Note that these race conditions only happen if a lot of async stuff happens at the same time. This example uses a timer with a 5ms interval to force the deadlock to happen. It is very unlikely to happen under normal conditions.
Steps to reproduce the behavior
Run the following code in a classic app on an iOS device:
The whole app will freeze after a few iterations. The counter will not increase anymore and the button will not accept clicks.
The counter should increase for about one second and then stop. The status should switch from "Running" to "Finished". The button should accept click events and print "expected" to the console.
This is caused by TiThreadPerformOnMainThread which reschedules a block on the main queue when not running on main thread.
In this particular test case various things happen which ultimately lead to the deadlock inside JSCore:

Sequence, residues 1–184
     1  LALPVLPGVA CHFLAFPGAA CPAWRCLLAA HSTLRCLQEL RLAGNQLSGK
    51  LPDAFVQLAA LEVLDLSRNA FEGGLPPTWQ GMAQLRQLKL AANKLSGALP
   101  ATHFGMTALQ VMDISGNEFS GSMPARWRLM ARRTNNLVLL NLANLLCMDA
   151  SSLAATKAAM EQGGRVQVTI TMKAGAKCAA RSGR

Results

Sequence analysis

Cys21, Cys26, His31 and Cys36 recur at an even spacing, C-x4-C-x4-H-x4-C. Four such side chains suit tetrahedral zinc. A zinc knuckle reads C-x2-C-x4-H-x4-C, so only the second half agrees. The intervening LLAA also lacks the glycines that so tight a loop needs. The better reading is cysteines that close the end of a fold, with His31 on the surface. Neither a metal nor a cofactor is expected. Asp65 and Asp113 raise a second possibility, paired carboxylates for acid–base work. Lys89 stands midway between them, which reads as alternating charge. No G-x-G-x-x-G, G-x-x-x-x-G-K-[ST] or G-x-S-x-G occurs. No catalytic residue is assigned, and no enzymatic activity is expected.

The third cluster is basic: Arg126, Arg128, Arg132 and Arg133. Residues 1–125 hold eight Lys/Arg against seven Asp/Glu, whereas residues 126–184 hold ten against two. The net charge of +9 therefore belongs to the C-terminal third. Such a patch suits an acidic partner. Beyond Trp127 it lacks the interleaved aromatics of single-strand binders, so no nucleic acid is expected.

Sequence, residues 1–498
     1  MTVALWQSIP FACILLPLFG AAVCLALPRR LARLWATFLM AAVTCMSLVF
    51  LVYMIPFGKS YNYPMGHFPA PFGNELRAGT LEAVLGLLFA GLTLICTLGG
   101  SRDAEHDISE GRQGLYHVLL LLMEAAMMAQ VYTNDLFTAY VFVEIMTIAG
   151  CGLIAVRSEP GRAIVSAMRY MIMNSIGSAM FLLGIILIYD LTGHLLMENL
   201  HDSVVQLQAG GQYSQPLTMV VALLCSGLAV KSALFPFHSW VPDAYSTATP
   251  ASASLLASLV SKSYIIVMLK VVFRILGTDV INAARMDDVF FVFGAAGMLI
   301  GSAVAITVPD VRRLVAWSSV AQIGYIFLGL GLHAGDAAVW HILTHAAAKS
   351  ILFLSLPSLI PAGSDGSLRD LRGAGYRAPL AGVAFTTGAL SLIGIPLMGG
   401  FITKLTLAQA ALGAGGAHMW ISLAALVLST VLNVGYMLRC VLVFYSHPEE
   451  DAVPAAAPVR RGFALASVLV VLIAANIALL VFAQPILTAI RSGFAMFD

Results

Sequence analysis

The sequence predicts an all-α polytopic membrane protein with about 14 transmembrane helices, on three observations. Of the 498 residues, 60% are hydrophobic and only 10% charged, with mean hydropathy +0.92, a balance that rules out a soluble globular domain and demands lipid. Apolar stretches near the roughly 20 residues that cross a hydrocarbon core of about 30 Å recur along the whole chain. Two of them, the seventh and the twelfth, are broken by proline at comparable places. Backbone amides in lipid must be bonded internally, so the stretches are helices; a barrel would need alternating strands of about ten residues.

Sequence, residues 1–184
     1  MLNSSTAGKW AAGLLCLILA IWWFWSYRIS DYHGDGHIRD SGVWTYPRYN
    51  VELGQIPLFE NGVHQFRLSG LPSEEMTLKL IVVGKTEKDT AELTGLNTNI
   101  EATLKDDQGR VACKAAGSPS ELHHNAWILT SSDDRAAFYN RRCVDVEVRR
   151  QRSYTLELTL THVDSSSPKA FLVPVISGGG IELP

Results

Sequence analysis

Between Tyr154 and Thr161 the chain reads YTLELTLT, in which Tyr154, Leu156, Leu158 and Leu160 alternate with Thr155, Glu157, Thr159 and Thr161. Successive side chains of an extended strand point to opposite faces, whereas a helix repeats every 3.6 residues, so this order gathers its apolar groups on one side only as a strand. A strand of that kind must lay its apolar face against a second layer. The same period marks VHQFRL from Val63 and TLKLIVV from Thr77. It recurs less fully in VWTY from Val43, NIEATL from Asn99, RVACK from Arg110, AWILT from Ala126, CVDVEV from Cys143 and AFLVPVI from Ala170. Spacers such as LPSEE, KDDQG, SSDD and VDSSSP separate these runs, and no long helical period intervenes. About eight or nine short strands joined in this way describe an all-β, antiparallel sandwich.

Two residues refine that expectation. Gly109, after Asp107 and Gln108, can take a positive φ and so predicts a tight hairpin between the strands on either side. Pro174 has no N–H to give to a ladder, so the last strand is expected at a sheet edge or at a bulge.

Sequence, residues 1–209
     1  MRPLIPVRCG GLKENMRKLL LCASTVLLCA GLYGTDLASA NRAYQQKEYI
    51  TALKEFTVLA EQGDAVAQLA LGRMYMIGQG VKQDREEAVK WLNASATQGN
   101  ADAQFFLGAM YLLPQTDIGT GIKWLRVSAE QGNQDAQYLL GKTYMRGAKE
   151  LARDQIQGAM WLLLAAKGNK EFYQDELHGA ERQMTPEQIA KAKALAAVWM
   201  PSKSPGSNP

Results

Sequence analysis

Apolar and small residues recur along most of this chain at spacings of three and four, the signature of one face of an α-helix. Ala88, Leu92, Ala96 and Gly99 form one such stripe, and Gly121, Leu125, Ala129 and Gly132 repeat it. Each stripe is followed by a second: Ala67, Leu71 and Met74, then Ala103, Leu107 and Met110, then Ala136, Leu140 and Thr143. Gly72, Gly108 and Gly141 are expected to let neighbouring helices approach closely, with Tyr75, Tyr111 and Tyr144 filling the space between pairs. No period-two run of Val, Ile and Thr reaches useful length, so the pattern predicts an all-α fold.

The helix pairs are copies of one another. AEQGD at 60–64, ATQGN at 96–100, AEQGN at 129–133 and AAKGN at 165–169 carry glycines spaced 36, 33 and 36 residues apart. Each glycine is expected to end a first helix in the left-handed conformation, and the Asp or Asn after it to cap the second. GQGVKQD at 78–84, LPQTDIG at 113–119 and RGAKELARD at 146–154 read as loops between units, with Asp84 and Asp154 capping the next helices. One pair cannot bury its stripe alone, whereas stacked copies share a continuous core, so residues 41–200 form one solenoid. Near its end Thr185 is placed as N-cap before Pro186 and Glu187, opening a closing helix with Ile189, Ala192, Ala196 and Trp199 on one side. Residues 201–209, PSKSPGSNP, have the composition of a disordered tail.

- The timer fires and calls out to its callback function (1)
- Now, this function contains an async function, namely Ti.App.iOS.UserNotificationCenter.requestUserNotificationSettings. Under the hood this will call getNotificationSettingsWithCompletionHandler: of UNUserNotificationCenter. The completion handler for this method will be called on a separate thread. This is important for the race condition to happen.
- Eventually the completion handler is called and it will call the JS callback (2) here.
- The timer fires again and it will be added to the dispatch queue to be processed.
- Inside the callback (2) we make use of console.log. Since the callback was called from a different thread, KrollMethod will reschedule the console.log call to the main thread here. This will schedule the method call behind the previously scheduled timer.
- The timer callback (1) is now called which also want's to use console.log. However, the pending call from callback (2) still has a lock on that. Boom, deadlock!